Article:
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RE: Leaving out non-applicable commands on Mx

From: Drew Adams
Subject: RE: Leaving out non-applicable commands on Mx
Date: Fri, 8 Jan 2016 19:08:59 -0800 (PST)

> On the M-x prompt, the set of candidates is restricted to those that
> make sense given the current context.

Not if a user invokes `M-x' to see which commands are currently
available in general, i.e., as a kind of interactive `apropos'.
(Especially if s?he can hit a key to get help about the command.)

Especially if you have an "advanced completion system" that
lets you (a) match command names more flexibly and (b) narrow
the matches using a succession of patterns.

> Leaving out functions that are
> specific to modes not enabled is a start.

And that's also a feature of some "advanced completion
systems".  But it should not (except by user option) be
the default behavior. The default behavior should be all
candidates matching the input patterns and the completion
predicate - no other "helpful" filtering unless requested
by the user.

The command calling `completing-read' or `read-file-name'
(or whatever) should get first shot at specifying the
filtering.  And it does that, as usual, with a predicate.

> So if you are editing a C file and press `M-x g' almost
> all gnus* functions shall not be considered as
> candidates for completion.

Yes they should, by default - unless a user has configured
a different behavior.

Emacs is smartest when it doesn't try to outsmart the user;
when it helps the user be smart instead of trying to
second-guess her.

It's about what the user wants, not what an Emacs developer
thinks is clever or is what the user must want.

But hey, I sympathize wrt the many matches of something
like `gnus'.  I filter those out by matching & tossing
them - unless I really want to see them for some reason.

Let the specific _command_, first, and the _user_ who
invokes it, second, filter out stuff that is not appropriate.

Please don't decide ahead of time (unless it's through a
specific command) what is appropriate and what is not.

> This is important with advanced completion systems.

See above about "advanced completion systems".

> An example: while working on a org-mode file, if I wish
> to execute org-clock-report I can use its binding:
> "C-c C-x C-r".  With ido+flx, I can do "M-x ocr ENTER"
> which, IMO, is superior on each and every aspect.

And?  Are you now suggesting that users and libraries
should not bind keys because you are convinced that your
"advanced completion system" is "superior on each and
every aspect"?  I hope not.

> The M-x interface can be an improvement over both keybindings and the
> menu on terms of usability, given the correct methods, but having
> thousands of irrelevant candidates every time you invoke M-x is an
> inconvenience for that goal, not to say plain dumb.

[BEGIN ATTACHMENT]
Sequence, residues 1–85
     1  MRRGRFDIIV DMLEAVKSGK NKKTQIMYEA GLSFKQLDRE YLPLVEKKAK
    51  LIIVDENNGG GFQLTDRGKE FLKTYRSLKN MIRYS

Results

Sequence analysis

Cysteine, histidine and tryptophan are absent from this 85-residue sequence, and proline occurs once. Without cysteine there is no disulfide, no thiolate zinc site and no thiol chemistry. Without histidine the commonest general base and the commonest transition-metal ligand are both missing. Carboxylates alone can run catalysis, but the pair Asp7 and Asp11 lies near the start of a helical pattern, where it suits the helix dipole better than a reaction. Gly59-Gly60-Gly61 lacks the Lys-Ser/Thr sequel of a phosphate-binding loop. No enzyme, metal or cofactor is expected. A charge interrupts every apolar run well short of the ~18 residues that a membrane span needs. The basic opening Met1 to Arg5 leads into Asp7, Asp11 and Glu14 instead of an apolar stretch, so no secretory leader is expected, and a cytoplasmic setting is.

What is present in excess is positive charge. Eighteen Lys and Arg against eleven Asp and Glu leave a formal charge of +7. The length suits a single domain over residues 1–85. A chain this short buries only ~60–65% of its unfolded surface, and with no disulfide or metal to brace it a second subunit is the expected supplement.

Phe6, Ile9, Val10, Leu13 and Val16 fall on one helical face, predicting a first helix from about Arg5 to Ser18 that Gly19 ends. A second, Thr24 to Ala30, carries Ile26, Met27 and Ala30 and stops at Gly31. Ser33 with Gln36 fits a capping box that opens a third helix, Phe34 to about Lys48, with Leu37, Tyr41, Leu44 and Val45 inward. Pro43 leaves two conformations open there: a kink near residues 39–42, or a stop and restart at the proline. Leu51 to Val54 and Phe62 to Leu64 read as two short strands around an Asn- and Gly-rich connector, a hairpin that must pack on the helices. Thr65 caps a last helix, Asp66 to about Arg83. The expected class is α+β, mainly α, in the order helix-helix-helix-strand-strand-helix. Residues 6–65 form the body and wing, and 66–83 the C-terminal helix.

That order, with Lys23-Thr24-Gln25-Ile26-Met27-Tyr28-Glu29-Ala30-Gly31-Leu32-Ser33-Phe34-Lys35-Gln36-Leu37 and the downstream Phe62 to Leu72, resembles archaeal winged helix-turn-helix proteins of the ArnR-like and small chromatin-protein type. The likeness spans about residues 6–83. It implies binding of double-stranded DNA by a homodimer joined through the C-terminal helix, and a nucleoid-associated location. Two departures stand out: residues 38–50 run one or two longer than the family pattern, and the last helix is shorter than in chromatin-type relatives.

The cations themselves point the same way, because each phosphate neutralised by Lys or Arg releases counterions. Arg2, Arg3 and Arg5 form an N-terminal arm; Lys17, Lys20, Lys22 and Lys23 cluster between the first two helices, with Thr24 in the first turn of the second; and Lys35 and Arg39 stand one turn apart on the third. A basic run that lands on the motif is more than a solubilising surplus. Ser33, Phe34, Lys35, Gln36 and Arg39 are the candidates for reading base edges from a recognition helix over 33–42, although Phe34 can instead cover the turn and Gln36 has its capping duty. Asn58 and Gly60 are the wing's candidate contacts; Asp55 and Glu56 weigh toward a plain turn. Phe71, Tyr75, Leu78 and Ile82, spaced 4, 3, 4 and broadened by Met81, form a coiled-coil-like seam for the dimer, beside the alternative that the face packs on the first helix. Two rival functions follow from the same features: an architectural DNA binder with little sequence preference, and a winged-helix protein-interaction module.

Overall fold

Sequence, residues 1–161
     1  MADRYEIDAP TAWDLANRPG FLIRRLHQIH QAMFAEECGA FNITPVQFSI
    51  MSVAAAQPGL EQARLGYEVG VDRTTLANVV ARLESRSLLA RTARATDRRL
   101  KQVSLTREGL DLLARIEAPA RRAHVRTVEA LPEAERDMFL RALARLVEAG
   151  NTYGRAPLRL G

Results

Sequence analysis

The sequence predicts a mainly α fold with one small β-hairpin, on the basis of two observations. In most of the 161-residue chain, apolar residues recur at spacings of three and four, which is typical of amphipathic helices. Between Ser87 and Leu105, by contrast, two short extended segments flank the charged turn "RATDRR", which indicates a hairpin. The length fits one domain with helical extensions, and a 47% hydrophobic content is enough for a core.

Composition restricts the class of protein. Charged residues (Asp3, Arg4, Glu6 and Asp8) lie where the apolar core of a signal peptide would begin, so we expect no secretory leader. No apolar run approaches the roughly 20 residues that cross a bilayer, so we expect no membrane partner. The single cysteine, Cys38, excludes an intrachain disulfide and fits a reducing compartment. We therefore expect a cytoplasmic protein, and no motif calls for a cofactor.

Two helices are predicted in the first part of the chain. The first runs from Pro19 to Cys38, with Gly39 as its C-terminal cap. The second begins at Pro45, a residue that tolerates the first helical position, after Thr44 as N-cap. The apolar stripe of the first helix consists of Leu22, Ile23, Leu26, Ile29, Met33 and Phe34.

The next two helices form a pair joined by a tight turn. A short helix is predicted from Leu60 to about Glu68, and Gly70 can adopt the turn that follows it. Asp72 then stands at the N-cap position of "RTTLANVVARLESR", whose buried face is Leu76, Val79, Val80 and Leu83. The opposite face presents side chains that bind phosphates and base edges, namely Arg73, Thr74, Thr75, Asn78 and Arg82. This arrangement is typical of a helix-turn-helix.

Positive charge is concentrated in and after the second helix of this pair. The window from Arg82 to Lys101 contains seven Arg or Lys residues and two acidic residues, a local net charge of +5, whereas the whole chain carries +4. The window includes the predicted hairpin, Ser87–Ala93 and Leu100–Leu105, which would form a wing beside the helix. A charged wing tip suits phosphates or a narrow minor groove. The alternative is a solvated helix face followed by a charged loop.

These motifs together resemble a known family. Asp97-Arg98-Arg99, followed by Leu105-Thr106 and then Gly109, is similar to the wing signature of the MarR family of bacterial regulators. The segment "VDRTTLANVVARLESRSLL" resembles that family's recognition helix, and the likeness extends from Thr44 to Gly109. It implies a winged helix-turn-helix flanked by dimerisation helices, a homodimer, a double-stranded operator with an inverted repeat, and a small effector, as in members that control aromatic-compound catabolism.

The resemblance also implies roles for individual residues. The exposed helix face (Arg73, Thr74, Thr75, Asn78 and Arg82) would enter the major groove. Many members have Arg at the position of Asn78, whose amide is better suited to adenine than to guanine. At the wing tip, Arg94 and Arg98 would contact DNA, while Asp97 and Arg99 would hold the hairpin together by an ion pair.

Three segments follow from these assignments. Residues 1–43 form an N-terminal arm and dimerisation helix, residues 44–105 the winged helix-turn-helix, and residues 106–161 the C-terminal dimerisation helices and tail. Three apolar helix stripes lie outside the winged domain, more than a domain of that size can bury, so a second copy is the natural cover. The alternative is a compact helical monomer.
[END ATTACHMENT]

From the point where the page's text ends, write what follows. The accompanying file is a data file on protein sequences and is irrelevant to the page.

Thousands of candidates might be just what a user wants.
But more importantly is to let the _user_ choose which
100 or which 10 of the thousands s?he really wants to
interact with.

Please don't presume to guess, in some general way, how a
user might want to filter candidates.

Specific commands already can, and do, make such judgments
(e.g. only symbols bound to commands are candidates for `M-x).

Leave it up to the command (and to the user who chooses
to use that command) to make such a preliminary judgment.

And more importantly, leave it up to the user to decide
how to subsequently filter the preliminary candidates.

What Emacs could do to help is to:

1. Provide powerful and flexible ways to match, and to
combine multiple match patterns.

2. Provide command-specific keys to use during completion,
to let the user filter in ways that are helpful in the
context of that command.

As one example (and I'm sure there are plenty of others),
Icicles lets you narrow using any number of patterns,
each of which can be a regexp or a fuzzy-match of various
kinds.  You can exclude matches as well as including them.

And for buffer-name candidates, for example, you can use
keys to keep or remove the names of buffers in a derived
mode or a given mode or that are already displayed or not.

(You can even provide a filtering predicate interactively,
on the fly, to narrow candidates any fancy way you like.)

What Icicles offers is not the only way to help users
filter.  The point is to try to do that, not try to
guess, in some general way, what kind of filtering is
good for them for all commands.

The way to do what you suggest wrt commands that make
sense for a given mode ("leaving out functions that are
specific to modes not enabled is a start") is to let the
user hit a key to do this, i.e., to ask for it on demand,
not to impose it on everyone and everywhere by default.

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